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Gender-related perspectives and attitudes towards transport issues

Edited on

14 October 2020
Read time: 10 minutes

“When we talk about women in transportation we are not talking about a specific group of vulnerable users, we are talking about half of the world’s population”, says transport planner and policy analyst Stefano Borgato at Trasporti e Territorio, introducing the topic of gender and mobility.

Gender equality in transports

Half of the world’s population. A recurring reason and argument for working for equality. Still, mobility reflects inequality between men and women, and therefore we need to ask: how can we, by revealing the vulnerability that mobility systems force upon women today, counteract this inequality? And what would it mean for the future of mobility?

Generally, women and men experience transport in different ways. Including different use of different modes for different purposes. Furthermore, they also have varying preferences and constraints regarding mobility, leading to different challenges that are faced every day, creating unequal amounts of experienced vulnerability. The challenges faced by women specifically is, according to Stefano Borgato; affordability in transport and improvement in less expensive modes, barriers preventing access to public transport (an example being travelling with strollers), lack of flexible services such as time tables not being fit for outside rush hour travel as well as safety of the journey. In other words, women’s modal choice depends not only on conventional parameters such as time, cost and comfort, but also on the conditions of safety. In addition, considering the already existing employment and wage gap between men and women, affordability is especially relevant.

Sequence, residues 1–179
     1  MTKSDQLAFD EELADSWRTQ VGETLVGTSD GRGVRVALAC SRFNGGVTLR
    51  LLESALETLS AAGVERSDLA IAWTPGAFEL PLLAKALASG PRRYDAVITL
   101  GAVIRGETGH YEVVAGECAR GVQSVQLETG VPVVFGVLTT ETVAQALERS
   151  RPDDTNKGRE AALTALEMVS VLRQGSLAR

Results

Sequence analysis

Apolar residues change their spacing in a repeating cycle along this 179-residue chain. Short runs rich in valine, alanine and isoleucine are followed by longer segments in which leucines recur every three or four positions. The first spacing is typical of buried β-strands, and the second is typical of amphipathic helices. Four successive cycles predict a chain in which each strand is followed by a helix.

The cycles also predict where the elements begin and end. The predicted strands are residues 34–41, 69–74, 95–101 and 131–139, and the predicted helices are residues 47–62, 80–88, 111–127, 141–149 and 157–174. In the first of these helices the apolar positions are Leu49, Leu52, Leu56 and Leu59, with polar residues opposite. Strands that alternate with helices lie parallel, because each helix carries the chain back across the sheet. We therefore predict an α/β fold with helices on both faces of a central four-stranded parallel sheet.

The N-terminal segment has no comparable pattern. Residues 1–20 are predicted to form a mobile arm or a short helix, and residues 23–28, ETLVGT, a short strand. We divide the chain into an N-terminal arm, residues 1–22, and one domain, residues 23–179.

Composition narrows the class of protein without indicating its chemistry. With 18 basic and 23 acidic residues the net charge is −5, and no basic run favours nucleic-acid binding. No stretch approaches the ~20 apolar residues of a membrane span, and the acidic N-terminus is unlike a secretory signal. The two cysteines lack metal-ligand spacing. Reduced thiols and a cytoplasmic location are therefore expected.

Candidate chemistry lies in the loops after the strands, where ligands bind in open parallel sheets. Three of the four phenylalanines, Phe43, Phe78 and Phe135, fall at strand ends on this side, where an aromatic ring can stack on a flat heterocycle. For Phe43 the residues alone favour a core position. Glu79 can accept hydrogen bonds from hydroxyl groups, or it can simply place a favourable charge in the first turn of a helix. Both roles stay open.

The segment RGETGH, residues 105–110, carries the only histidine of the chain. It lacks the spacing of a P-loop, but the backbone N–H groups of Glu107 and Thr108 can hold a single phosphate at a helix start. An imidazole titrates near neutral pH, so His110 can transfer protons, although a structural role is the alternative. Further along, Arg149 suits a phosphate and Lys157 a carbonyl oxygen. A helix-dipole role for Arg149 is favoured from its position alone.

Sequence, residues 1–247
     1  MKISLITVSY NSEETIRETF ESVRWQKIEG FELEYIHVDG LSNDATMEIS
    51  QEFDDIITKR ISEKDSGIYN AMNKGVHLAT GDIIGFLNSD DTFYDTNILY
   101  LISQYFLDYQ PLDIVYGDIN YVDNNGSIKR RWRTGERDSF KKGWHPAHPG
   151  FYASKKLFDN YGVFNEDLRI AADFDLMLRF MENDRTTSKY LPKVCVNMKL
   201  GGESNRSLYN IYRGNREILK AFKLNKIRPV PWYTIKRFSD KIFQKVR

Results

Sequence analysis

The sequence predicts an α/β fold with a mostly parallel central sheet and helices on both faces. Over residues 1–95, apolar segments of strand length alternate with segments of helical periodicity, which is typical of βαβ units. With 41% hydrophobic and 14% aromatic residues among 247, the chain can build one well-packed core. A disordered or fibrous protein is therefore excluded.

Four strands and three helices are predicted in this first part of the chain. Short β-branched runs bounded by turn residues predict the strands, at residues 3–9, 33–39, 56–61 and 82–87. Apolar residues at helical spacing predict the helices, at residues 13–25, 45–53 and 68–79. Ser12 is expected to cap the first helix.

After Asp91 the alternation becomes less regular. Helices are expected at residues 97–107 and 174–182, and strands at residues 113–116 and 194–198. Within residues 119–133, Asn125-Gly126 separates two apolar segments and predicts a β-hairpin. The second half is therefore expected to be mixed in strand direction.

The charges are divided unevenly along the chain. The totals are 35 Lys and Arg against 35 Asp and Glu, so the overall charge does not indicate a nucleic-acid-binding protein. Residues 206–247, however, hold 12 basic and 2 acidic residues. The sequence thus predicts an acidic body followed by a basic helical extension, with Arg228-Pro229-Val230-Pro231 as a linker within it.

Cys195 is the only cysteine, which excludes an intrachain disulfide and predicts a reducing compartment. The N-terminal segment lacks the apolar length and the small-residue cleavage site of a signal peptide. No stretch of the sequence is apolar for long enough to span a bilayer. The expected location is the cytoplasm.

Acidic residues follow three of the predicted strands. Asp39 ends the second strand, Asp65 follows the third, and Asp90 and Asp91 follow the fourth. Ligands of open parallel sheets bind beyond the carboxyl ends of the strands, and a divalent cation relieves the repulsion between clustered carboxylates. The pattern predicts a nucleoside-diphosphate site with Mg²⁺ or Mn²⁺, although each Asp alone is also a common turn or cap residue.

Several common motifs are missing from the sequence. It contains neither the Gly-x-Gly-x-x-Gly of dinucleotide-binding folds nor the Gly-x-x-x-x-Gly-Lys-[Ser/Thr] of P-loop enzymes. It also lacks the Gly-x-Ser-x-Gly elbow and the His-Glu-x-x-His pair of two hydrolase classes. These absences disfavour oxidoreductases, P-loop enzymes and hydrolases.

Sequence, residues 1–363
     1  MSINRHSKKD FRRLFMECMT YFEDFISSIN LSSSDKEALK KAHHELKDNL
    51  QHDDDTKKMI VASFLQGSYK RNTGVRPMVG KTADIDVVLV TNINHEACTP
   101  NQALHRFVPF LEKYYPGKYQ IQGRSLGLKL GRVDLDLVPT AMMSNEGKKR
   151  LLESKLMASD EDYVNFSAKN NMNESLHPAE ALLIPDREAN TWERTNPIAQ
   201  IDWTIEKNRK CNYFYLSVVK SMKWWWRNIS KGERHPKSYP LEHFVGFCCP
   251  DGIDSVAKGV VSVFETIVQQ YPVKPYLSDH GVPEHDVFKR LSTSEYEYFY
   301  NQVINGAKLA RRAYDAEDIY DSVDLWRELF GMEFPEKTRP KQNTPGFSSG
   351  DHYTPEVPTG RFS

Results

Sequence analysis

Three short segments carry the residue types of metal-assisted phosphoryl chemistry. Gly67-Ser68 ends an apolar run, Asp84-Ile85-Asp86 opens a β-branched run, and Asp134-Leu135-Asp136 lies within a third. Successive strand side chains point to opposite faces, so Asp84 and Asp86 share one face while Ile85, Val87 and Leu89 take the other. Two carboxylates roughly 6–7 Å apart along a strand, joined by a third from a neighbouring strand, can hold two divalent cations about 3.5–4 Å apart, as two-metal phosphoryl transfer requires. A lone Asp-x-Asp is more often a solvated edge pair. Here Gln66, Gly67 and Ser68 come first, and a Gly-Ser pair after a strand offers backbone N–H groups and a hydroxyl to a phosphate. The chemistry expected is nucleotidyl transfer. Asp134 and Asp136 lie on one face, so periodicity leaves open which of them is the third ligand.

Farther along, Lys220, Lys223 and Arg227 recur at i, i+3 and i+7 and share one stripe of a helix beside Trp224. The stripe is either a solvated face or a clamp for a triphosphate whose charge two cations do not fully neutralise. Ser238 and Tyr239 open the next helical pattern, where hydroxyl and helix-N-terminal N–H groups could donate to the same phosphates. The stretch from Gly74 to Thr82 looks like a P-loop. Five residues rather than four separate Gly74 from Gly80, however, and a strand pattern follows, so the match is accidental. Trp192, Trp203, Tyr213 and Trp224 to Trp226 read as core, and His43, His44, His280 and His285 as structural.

It is fundamental to properly address these challenges, as transportation access plays a crucial role in empowerment, access to opportunities, social life and independence. In addition, women are the majority of public transport users, which means that a gender approach to mobility could preserve present, but also future, public transport demand by increasing the quality of public transport to facilitate a change towards a more sustainable way to travel for everyone. This means, in Stefano’s own words, “Better transport for women is equal with better transport for all”

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